We need neither romanticize nor demonize any former or currant culture to realize that each has its strengths and weaknesses — in various proportions. Jared Diamond and others have demonstrated the folly of very different groups that have ignored the requirements of the relationship they had with their micro-environment. In some cases they could have continued to sustain themselves if they had not ignored the problem. In some cases, such as the Vikings in Greenland, invaders failed to take lessons from the indigenous people and simply died off. The self-absorbed character of today’s industrial-consumerist culture is a study in not taking lessons from the real world in which our economy operates. Our economy is, as they say, unsustainable.

With today’s industrial-consumer culture, we are so estranged from the natural world that we have become extremely vulnerable to large scale system failure. The cult of “science will save us” as we continue down the same consumerist path, will only distract from the hard facts of the massive changes already clearly necessary. Today, it is no mere micro-environment that we are contaminating; we have already seriously disrupted the homeostasis of most major earth systems.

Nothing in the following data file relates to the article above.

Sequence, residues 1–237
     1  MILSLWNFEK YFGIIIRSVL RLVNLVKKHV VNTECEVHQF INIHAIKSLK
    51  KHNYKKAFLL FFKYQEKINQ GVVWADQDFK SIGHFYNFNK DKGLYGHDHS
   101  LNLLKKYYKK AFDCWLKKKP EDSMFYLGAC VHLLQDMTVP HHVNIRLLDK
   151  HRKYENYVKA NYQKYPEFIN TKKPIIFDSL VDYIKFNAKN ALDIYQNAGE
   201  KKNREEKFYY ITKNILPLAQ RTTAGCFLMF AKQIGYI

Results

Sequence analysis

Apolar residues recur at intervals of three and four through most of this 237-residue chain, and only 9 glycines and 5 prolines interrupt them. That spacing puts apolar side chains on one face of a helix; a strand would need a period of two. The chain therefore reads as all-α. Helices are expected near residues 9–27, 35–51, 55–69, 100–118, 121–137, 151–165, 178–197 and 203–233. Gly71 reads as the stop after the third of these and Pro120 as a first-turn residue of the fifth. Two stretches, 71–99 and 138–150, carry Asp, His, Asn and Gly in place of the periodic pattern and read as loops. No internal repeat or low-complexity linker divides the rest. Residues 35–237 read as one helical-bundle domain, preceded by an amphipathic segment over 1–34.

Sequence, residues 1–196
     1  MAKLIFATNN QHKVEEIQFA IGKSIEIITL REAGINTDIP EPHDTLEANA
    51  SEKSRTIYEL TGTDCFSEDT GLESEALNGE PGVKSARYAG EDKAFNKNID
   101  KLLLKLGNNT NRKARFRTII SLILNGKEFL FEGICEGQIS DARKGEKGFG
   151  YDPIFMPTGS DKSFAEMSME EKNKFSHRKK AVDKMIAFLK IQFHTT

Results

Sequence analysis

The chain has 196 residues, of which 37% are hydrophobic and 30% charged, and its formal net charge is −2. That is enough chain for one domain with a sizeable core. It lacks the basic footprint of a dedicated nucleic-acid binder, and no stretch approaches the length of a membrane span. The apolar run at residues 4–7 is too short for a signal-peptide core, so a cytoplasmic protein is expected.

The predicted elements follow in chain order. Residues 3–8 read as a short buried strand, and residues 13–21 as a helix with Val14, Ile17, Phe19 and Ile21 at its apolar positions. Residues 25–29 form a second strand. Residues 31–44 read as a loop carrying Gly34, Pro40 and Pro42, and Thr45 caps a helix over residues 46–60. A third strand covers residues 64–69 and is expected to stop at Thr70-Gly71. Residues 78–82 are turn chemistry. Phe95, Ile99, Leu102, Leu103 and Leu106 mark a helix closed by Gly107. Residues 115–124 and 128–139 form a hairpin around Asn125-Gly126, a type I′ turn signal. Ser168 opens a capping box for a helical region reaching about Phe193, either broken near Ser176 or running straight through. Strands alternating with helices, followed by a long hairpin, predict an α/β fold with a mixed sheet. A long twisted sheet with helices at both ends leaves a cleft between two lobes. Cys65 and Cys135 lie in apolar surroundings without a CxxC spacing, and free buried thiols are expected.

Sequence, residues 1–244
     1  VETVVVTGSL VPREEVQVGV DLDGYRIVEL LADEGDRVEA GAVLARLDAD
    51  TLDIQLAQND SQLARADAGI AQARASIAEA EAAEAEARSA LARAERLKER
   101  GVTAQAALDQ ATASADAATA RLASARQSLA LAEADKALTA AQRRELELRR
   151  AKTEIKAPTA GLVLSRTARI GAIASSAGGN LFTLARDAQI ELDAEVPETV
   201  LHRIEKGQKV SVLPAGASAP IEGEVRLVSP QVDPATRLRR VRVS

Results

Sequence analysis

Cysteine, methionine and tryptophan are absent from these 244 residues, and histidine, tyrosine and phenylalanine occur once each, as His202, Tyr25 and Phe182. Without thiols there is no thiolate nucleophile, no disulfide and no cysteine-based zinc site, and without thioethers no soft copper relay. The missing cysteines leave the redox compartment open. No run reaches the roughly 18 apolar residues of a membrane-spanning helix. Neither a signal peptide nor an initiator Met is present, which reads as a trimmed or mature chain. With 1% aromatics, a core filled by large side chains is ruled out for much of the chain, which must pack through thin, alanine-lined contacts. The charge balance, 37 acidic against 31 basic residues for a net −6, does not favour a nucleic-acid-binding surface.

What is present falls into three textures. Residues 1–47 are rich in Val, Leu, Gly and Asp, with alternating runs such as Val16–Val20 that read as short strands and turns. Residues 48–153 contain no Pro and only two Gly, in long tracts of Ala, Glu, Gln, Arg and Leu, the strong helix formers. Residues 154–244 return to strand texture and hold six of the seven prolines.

Inconvenient Science

Much of Western science has been corrupted by its subordination to the corporate growth machine. That machine perpetuates the myth that all we need to do is come up with some new [profitable] “technological breakthrough” and all will be fine. Only independent scientific research and analysis will have a chance of pointing to the specific material changes that are necessary to stop the lemming-rush to societal collapse.

Climate science has been relatively untainted by corporate corruption, since its subject matter was of little political importance until recently. Its findings were either generally practical or merely academic. Farmers, airline pilots, and many others benefit from weather information and understanding of climate processes. Academics pondered the nature of earth systems. But now, the facts of climate change have major political implications for many economic policies and practices. The most powerful institutions and people will be profoundly affected. Climate science has been supported by governments around the world for decades because the knowledge gained is of general economic benefit. But now, that knowledge is poised to change the course of history.